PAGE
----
I have been debating on Twitter today with a gay UKIP supporter who claims that the reason for UKIP’s antipathy to marriage equality is solely due to the “threat” to churches that the European Court of Human Rights might force them to do so. He cites Denmark, where the state church is of course obliged to carry out same sex marriages, with proposer protection for the individual consciences of clergy who decline. Most of us say that is no evidence whatsoever that the ECHR would force the Church of England to carry out same sex marriages because here the legislation explicitly forbids it and in Denmark the legislation explicitly requires it. National sovereignty in action.
He states that he has seen in some article a statement that the only reason the Danish legislature so legislated was because of an ECHR case. He said he read it in the Telegraph. Can anyone help him find any reference anywhere (Telegraph or not) to an ECHR case originating from Denmark forcing a church to marry a same sex couple against the Church’s will? I can’t find anything…
Here, courtesy of my excellent email and web hosting provider http://www.luxsci.com, is the reason why this irritating issue, about which I have tweeted in the past, happens.
This may happen if you setup an IMAP account on your iPhone and check your folder list before you set the IMAP Path Prefix to “mail” in the Advanced Settings. It may also happen if you originally set the IMAP Path Prefix incorrectly in the Advanced Settings. The correct IMAP Path Prefix is “mail” without the quotes. Your “Inbox” may still be grayed [sic] out even after changing the Path Prefix to the correct path. This is because the iPhone creates an additional “Inbox” folder when it does not find one, and this extra “Inbox” in your folders can cause the iPhone to get confused. To resolve this, contact support and have them delete or rename the extra “Inbox”. This should resolve the problem.
I was very pleased today to hear that the first same sex marriages in England and Wales will take place in late March. This is much earlier than we expected and it’s great to hear.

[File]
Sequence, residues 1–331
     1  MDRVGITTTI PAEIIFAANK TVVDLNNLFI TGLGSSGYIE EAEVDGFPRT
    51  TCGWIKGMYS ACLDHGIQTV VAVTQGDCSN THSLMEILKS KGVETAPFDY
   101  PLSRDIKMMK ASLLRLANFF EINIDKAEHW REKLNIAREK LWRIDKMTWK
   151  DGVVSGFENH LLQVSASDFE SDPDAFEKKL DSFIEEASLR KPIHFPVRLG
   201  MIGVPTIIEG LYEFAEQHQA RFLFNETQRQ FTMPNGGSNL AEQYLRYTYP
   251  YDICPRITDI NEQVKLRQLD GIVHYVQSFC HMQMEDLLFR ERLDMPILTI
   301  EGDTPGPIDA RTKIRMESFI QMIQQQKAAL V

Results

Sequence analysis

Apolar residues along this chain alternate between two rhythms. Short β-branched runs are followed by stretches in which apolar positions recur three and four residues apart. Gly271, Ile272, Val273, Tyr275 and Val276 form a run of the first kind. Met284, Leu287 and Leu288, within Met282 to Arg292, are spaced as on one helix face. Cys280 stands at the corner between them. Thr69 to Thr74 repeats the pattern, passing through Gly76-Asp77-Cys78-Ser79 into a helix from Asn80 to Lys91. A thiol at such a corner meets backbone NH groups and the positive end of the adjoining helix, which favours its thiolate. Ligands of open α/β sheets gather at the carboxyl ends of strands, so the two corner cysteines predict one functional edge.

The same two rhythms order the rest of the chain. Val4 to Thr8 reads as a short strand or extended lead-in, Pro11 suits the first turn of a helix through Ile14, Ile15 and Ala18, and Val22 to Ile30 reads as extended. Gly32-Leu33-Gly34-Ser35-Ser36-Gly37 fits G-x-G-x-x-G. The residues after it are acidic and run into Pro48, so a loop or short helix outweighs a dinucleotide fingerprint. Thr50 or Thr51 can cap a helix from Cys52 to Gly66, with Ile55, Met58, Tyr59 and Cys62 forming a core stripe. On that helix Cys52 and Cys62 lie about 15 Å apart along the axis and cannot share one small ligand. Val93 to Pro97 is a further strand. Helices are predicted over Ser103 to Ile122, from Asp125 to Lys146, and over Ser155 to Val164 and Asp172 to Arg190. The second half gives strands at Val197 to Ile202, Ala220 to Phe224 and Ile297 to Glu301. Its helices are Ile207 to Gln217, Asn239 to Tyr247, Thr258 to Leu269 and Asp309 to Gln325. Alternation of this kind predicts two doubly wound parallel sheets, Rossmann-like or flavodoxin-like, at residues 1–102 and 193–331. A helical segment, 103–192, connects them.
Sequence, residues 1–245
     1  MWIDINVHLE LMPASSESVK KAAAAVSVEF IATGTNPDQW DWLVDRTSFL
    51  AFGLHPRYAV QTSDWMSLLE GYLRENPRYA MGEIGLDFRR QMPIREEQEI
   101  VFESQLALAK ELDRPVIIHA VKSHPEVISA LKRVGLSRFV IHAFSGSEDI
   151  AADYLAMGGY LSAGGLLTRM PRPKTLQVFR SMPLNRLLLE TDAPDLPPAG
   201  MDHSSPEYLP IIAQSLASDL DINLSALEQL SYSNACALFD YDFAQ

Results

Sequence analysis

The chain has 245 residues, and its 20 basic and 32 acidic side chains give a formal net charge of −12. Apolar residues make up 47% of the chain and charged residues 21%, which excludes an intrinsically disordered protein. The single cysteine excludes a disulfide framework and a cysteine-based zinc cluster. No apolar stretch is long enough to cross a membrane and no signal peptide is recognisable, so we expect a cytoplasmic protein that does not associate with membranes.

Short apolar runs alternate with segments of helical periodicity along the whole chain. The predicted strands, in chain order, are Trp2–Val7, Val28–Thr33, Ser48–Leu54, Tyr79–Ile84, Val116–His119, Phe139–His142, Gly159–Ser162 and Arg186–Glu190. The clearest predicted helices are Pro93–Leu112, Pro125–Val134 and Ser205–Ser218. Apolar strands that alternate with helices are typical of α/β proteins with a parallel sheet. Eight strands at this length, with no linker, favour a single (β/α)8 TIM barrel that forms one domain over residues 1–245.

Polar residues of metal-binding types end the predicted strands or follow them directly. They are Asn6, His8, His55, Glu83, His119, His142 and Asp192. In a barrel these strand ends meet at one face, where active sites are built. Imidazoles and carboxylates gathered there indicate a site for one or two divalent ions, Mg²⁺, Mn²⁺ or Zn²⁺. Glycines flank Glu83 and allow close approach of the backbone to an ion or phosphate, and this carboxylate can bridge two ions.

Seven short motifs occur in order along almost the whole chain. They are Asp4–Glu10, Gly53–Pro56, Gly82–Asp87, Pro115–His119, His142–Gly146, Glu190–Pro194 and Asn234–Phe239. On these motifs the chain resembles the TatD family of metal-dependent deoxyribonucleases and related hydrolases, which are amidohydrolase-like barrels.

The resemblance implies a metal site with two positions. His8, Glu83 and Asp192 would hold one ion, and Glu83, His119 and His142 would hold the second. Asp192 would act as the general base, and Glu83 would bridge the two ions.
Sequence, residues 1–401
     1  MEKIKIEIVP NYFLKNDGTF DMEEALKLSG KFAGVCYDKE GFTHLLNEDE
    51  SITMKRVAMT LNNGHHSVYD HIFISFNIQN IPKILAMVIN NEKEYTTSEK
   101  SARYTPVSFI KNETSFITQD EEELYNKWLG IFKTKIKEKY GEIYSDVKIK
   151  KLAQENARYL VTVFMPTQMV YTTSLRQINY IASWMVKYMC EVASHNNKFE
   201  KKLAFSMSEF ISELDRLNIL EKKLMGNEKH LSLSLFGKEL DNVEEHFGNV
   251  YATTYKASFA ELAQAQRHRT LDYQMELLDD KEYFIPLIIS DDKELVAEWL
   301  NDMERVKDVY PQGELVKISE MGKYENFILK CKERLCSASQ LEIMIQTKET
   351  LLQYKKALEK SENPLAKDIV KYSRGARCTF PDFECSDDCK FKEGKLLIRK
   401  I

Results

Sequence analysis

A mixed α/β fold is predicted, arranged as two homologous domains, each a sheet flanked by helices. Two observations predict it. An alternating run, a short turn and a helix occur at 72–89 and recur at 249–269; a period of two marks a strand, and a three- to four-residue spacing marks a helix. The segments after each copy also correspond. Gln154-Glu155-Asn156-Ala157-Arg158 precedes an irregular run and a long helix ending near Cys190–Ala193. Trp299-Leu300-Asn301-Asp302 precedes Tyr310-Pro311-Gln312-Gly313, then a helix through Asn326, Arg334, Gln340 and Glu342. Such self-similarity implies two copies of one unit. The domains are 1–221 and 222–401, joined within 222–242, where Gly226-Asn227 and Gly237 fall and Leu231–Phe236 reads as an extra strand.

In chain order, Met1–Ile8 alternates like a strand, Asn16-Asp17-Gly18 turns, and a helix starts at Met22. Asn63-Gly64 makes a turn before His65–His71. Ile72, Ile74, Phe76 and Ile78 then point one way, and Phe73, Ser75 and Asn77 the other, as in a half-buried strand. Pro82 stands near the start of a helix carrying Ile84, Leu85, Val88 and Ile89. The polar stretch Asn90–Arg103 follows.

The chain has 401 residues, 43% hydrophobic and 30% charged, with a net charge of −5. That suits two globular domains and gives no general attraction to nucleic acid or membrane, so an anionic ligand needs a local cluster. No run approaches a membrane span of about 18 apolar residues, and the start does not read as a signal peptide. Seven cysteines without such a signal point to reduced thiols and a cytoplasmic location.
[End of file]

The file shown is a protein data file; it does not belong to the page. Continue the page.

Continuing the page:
What was less great to hear, however, is the delay in allowing those of us already in civil partnerships to convert those partnerships into marriage. This apparently is not going to happen until the end of 2014. People may say, what’s the hurry? People like Jonathan, my “civil partner” and I, have all the rights of a married couple anyway. So why can’t we be patient?
The answer is, that we have been patient for quite a long time. All the reasons that were discussed at great length in the Parliamentary debates and public consultations about equal marriage, civil partnership and marriage are separate and not equal. Jonathan and I have been looking forward to celebrating joining the heterosexual majority in an institution which is the gold standard for human relationships for a very long time. We had even pencilled in a date in the summer for the celebration of the conversion, relying on the government’s assurance that marriage would be implemented by June.
I know that there are many greater injustices in the world, but we feel hard done by. All that the government needs to do is create some very simple forms and have the orders prescribing the forms approved by both houses of Parliament. I think I could draft the forms in about two hours flat.
We have been waiting a long time and could Maria Miller please get on with it.
We will do the only two things we can: support Stonewall and write to our MP. Perhaps others would like to do the same.
After all, our female friends are desperate to buy their hats!
Alan Turing was very badly treated by the British state. There is no doubt about that. And he is owed an apology. But the Bill, which looks as if it will find its way onto the statute book, is bad for two reasons.
First as many others have pointed out it is a bad bill because all gay people persecuted for being themselves should be pardoned, or none. See Martin Robbins’s excellent piece here.
Secondly the Bill is a drafting dog’s dinner. The first clause provides that Turing “is to be taken to be pardoned” for the offences. Then it says: “This Act does not affect any conviction or sentence or give rise to any right entitlement or liability.”